Waste crime

The UK Government’s Resources and Waste strategy defines waste crime as anything that intentionally breaks the law relating to the handling and disposal of waste. Waste crime can be motivated by landfill tax evasion and generally covers activities including illegal exports of waste, large scale fly tipping, illegal burning of waste, illegal operation of waste sites, non-compliance with the waste duty of care, misclassifying waste and falsifying records.

The true scale of waste crime is difficult to fully quantify. In October 2021 the Environment Agency, in its report National waste crime survey report 2021 – findings and analysis, estimated that 18% of all waste is illegally managed.

The impacts of waste crime are widespread, with adverse effects on individuals, businesses, public services, the environment and the economy. For example, illegal waste sites can pollute the environment through the release of noise, dust, surface or groundwater contamination or through unauthorised fires and burning. These sites are unlikely to treat the waste in compliance with environmental best practice. They divert waste from legitimate businesses, reducing their potential income streams, viability and competitive advantage. The cost of remediation of fly tipped waste falls to public services and/or private landowners. Tax revenue is lost if the waste would otherwise have been sent to landfill.

The Environment Agency’s report stated that waste crime costs the economy in England an estimated £1 billion per year. This represented a 55% increase since its last estimate made in 2015 of £604 million per year.

Government measures to tackle waste crime

In the government’s January 2018 25 Year Environment Plan it set ambition to eliminate waste crime and illegal waste sites over the lifetime of the Plan (by 2043). Furthermore, the government’s December 2018 Resources and Waste Strategy contained a chapter on waste crime which also set out ambition for a more strategic approach to waste crime.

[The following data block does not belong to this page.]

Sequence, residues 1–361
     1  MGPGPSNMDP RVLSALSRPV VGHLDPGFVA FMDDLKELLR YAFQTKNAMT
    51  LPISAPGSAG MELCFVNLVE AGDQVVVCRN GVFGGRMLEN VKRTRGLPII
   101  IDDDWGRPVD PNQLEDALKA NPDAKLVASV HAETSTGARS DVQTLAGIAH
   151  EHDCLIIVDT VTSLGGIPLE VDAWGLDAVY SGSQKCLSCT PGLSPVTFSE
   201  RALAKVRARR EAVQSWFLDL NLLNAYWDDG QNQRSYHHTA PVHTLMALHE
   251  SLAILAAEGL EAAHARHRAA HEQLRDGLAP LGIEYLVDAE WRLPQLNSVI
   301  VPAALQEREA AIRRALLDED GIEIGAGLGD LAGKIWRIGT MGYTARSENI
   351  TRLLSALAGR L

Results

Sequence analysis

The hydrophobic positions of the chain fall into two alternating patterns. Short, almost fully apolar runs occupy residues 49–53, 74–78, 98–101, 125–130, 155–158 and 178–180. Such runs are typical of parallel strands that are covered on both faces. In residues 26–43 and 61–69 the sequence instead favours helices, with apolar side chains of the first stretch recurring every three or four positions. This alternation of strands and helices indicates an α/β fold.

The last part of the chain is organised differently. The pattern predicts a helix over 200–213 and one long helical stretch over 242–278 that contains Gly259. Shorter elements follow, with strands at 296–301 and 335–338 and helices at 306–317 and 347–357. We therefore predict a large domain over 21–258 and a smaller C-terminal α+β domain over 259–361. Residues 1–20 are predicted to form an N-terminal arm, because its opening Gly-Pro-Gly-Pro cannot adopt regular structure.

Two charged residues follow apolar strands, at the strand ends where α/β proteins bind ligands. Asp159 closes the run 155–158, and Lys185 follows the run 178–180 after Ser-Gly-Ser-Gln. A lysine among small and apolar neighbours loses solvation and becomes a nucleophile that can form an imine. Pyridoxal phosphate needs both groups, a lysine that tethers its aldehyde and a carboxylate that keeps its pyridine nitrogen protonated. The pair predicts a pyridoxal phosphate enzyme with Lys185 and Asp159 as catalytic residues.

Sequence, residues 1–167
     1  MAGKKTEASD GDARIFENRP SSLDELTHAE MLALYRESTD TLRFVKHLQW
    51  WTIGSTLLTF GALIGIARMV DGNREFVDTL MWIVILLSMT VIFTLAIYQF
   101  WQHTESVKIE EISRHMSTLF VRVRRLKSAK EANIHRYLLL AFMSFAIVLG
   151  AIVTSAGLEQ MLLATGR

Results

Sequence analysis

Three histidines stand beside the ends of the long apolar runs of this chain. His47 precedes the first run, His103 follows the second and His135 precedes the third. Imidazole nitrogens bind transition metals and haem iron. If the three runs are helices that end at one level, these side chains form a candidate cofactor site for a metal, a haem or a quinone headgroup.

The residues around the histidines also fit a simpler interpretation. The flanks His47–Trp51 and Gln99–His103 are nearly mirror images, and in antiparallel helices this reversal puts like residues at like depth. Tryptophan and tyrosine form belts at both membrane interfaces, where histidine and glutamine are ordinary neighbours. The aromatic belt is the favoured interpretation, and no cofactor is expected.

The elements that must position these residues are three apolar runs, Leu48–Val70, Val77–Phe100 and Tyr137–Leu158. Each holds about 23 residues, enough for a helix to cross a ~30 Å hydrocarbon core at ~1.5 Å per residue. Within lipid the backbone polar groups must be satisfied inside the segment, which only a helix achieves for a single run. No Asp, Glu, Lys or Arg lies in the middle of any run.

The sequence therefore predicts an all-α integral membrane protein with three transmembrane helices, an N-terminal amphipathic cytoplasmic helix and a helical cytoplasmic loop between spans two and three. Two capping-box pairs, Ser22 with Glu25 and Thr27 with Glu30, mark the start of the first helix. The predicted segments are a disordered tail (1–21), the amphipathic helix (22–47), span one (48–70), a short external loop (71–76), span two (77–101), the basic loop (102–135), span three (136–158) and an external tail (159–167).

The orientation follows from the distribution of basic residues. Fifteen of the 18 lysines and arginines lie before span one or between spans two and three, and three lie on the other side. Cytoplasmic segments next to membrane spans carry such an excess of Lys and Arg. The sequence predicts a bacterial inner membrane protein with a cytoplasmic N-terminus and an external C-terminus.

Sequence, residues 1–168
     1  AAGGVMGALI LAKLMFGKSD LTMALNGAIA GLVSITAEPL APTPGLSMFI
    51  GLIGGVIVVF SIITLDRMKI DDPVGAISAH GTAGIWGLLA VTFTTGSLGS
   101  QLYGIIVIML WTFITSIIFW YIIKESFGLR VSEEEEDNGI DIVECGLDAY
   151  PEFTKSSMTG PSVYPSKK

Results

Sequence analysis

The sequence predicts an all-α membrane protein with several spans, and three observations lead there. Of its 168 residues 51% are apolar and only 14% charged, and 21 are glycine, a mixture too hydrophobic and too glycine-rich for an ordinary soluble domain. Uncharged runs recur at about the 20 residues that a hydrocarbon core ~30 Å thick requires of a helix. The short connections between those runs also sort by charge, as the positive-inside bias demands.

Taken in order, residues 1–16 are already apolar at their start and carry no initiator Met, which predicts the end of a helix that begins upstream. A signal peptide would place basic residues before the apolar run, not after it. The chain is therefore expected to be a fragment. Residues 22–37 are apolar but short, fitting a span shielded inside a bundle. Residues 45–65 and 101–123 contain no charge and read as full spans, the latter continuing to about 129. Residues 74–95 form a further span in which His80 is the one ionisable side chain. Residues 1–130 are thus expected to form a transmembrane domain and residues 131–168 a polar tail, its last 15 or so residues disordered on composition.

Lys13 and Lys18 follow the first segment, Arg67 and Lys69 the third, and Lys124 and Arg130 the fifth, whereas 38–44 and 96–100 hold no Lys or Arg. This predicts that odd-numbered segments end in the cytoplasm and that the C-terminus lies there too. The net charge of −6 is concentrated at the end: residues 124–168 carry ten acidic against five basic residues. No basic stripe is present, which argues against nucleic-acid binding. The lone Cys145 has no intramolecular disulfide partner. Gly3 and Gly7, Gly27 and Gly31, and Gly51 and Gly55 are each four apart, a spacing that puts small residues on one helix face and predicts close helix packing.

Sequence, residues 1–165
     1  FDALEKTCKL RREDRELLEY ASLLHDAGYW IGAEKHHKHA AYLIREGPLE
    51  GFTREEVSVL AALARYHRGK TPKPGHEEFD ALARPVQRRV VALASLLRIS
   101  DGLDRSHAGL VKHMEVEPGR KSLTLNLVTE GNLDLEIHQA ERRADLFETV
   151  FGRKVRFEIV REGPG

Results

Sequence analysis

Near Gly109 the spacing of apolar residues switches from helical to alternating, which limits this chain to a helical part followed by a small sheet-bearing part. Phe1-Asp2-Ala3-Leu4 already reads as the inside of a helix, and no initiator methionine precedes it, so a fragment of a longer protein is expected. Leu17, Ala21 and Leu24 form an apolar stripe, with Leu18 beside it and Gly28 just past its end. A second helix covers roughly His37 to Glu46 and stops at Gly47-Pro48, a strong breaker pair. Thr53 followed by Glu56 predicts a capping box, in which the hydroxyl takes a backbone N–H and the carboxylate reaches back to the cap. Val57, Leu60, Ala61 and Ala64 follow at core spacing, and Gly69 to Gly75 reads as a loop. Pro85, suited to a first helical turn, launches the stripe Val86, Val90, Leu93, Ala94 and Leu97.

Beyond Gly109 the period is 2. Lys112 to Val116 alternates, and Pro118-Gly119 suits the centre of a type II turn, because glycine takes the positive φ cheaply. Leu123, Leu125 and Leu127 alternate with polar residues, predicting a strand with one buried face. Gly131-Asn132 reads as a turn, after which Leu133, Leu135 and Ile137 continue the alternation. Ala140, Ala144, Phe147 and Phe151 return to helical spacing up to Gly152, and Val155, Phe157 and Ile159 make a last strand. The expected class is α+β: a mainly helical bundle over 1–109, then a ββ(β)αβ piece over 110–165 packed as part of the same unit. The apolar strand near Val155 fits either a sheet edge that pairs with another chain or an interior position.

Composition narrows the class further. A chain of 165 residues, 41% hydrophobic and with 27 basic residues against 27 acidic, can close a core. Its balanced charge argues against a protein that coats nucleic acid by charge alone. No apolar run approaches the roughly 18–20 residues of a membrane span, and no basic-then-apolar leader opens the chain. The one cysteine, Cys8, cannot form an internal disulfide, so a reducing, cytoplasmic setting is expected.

In 2018, Defra commissioned and published an independent review of serious and organised crime in the waste sector. The final report set out a number of recommendations for a more strategic approach to serious and organised waste crime. This has led to the creation, for instance, of the Joint Unit for Waste Crime (JUWC) in January 2020.

Reports into the Government’s work on waste crime

In April 2022 the National Audit Office (NAO) published a report, Investigation into government’s actions to combat waste crime in England. The NAO concluded that the Environment Agency does not have the data it needs to identify and assess the full extent of all waste crime, which makes it difficult to prioritise its response effectively. It also stated that landfill tax changes have led to a reduction in landfill volumes but have also increased the financial incentives to commit waste crime.

Following this work, the House of Commons Committee of Public Accounts published a report in October 2022, Government actions to combat waste crime. In relation to landfill tax evasion specifically it highlighted that HMRC had, to date, only pursued prosecution in one case of landfill tax evasion, which, “failed at a cost of £3.5 million.” It concluded that the current system did not provide sufficient detection and penalties to deter criminals in the sector.

The Government responded to the Committee’s report in a December 2022 Treasury Minute (opens PDF). In it, Defra said that it was taking forward the commitments in its Resources and Waste Strategy as a priority, but acknowledged that some delivery of it had been slower than originally planned. It said that waste crime was an important issue and said that as part of the Landfill Tax Review Call for Evidence (published in November 2021), the government would consider the structure of the tax and the impacts of any proposed changes to this on waste crime and on businesses, local authorities and individuals.